This is both annoying, and potentially hazardous to the other characters, as well as the overall plot.

But If You're Going To Do It Anyway...

Don't... just don't.

As I said with The Misanthrope in the first installment, this kind of character doesn't need to just be played a certain way; it's incomplete. Whether you're actually rolling a d20 to determine every action the character takes, or you're choosing to make them behave in a truly random manner (not impulsive, or silly, but outright nonsensical) just stop. Sit down, and create a character who has reasons for their behavior, who has motivations, goals, drives, and a purpose.

That is not to say you cannot play the fool (such as someone who feigns getting absolutely fall-down drunk before an important mission, or whose zany antics are actually a cover for a cunning strategy), or that you must be serious all the time. Characters are people, and like people they can be complex or simple, clever or stupid, brave or cowardly... but the thing they have to be most is consistent. So figure out who your character is, and what makes sense for them to say, do, think, or believe according to the core of who they actually are.

That's all for this week's installment of Moon Pope Monday. Sorry it was a little late, but I was on the road most of yesterday, and didn't have time to sit down and bang this one out. For more of my work, check out my Vocal archive (especially my Gamers page), or stop by the YouTube channel Dungeon Keeper Radio where I help out in bringing Evora to life. To stay on top of all my latest releases follow me on Facebook, Tumblr, and Twitter. Lastly, if you want to help support me and my work, head over to The Literary Mercenary's Patreon page or consider Buying Me A Ko-Fi!


  1. Yes, yes a thousand times yes.

  2. OK. I have to speak in favor of playing a Kender. People completely misunderstand it. A Kender is not a kleptomaniac in the sense of someone with a mental problem. Instead she's like a child, who sees something she likes and takes it. She's NOT interested in selling it for money. And if someone is using it, she will never take it. Many times she will forget she took it, even if she kept it in her bag. If someone asks, she most likely remember and give it back. If it loses interest to her, she will likely drop it. This things in the bag could be used as part of the game.

    Example. While walking through a dungeon, she will find a very shiny rock that caught her interest. She picks it up, and admires for a little before putting it in her bag. Later on, the wizard needs a diamond as spell component, but doesn't have one. The kender might ask how does it look like. They will describe it, and the kender will ask, "Something like this?" and there it is.

    A kender won't just simply steal. A kender won't take things and sell them, won't take things she knows her friends want, and have on.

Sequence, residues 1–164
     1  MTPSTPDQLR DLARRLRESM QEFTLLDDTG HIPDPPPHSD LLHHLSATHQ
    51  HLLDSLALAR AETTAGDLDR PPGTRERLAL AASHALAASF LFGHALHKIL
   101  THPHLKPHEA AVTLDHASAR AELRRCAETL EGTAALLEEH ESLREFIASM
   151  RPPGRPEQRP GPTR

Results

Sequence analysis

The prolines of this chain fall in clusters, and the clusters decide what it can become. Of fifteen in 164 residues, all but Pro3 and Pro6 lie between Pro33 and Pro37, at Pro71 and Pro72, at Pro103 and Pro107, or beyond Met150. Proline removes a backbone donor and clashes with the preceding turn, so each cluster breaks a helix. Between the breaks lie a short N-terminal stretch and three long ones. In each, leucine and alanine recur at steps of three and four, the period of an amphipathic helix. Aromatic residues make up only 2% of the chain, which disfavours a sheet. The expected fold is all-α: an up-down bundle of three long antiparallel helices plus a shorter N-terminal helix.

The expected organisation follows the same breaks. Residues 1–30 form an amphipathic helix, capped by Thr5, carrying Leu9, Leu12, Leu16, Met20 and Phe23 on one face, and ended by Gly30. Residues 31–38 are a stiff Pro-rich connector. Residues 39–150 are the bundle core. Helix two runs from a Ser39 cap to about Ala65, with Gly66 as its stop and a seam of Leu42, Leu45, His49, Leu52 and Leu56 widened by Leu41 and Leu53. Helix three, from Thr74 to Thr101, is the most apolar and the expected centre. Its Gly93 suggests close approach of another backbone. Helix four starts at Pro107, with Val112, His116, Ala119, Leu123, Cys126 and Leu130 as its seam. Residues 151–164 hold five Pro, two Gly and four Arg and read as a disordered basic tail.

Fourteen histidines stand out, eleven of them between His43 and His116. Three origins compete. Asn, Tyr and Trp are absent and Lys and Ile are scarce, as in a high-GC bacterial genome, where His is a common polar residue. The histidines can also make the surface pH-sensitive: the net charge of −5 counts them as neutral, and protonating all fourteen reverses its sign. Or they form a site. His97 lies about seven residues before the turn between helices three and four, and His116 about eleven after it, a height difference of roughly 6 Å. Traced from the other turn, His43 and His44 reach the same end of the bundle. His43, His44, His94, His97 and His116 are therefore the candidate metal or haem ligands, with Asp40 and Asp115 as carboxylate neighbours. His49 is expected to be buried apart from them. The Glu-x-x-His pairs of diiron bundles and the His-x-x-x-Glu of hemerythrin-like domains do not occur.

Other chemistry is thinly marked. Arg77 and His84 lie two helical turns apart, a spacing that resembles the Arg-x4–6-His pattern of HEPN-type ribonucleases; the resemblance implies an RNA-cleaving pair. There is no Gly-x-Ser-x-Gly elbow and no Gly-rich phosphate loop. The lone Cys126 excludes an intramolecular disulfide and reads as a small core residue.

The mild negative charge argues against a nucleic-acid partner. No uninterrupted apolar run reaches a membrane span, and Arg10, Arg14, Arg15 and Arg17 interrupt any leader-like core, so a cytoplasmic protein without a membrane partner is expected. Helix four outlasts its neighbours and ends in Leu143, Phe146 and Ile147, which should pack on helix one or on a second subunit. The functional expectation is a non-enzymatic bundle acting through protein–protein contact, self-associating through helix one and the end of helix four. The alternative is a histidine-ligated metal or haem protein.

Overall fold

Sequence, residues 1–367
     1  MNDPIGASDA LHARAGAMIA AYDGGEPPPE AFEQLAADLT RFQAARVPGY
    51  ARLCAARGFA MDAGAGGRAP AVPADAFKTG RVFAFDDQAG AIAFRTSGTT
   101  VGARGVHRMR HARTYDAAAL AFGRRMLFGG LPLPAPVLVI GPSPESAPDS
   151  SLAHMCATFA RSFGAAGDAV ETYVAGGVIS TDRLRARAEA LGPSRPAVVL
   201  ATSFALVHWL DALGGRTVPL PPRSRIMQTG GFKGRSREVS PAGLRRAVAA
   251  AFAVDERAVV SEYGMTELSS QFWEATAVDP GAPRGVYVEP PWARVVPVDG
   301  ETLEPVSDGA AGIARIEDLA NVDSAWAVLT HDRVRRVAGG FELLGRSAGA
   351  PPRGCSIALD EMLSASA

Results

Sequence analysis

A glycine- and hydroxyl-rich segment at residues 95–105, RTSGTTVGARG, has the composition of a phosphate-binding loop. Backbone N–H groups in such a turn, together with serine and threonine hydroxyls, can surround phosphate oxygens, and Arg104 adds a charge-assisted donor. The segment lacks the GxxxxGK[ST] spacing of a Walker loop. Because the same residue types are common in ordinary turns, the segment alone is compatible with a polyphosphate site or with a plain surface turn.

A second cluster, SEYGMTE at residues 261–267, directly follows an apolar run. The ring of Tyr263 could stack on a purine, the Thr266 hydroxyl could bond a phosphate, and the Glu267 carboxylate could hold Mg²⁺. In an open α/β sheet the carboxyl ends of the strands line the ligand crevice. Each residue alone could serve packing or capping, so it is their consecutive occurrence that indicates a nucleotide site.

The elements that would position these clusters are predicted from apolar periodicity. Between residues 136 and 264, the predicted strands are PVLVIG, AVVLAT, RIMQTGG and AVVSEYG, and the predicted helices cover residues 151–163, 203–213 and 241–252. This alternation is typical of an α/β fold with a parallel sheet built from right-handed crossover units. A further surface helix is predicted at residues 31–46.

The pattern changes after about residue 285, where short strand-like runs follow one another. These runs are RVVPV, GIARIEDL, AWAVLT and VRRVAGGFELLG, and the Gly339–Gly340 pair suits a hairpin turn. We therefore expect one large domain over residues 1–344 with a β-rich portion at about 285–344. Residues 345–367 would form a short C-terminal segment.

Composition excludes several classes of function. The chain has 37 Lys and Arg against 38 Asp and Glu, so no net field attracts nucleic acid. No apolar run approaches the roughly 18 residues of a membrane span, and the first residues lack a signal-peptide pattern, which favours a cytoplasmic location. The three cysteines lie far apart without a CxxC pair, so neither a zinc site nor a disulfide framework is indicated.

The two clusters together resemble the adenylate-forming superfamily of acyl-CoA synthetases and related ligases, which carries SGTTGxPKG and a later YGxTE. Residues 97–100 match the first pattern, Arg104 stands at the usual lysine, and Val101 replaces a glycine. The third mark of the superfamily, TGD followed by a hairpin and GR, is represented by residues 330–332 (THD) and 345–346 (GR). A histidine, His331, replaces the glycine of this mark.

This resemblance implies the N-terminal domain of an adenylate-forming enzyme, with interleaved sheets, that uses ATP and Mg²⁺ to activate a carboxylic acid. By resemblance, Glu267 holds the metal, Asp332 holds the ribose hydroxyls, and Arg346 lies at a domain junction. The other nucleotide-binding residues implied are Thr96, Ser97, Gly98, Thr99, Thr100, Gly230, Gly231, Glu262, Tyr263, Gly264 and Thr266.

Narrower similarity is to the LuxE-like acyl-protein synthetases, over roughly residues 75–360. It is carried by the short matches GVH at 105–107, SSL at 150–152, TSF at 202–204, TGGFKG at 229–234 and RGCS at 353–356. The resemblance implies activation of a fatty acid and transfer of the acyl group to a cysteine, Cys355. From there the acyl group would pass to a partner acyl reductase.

However, if you or your DM don't know about Kenders, then I agree, don't play it, specially if you just think they are Kleptos.

  3. Jose, I'd offer a rebuttal. They -are- kleptos; but the problem is most players (and DMs) don't understand what that means. A klepto pockets random things, oftentimes completely unaware that they did it. Case in point, the most popular kender, Tas... there's been a few times he's been "caught" with something that even he didn't remember picking up.

    The problem is, a lot of players use it as an excuse to blatantly steal things from other PCs. Whether to use, sell, or just think they're funny.. and yes, -that- gets obnoxious, real quick.

    I had a player who wanted to play a kender, and I worked it out with him. As the DM, -I- decided what ended up in his bags, and when. It made roleplay more enjoyable, in the end.

  4. I have to speak up in defence of Randos. I played in an excellent Stormbringer game. My character was a sorcerer-priest of the Chaos Lord Baloo. Basing decisions off the roll of a die (a d8 naturally) was part of his faith. Early on he was shown a vision of the future; of the Young Kingdoms destroyed within his lifetime and everyone slain. He became desperate to leave for another world and passively suicidal. After all if he couldn't escape he was doomed to die so why should it matter when or how. So he'd dive into any portal he found, call up things he could barely put down and go mano-a-mano with things that could kill him with one hit. The only time he showed any modicum of sense was when the party encountered Elric and my character ran away screaming "The black sword! We are doomed!" He was insane, not stupid.
    Ironically the campaign ended with the fate of the world still in the balance. When I next ran D&D I had him pop into existence over a city street, dance a gig of joy, eye the PCs suspiciously and spit "A city of Law. How disgusting!" Before running off never to be seen again.

    My point being he had reasons for his actions beyond being crazy or being random for the sake of randomness. Since then I've always kept a Baloo like entity in the wings to deal with Randos. "Serve me and I'll reward you. Cross me and I'll destroy you."

    After all it's often how the GM deals with difficult characters that can make or break a game. I always have trouble with paranoiacs.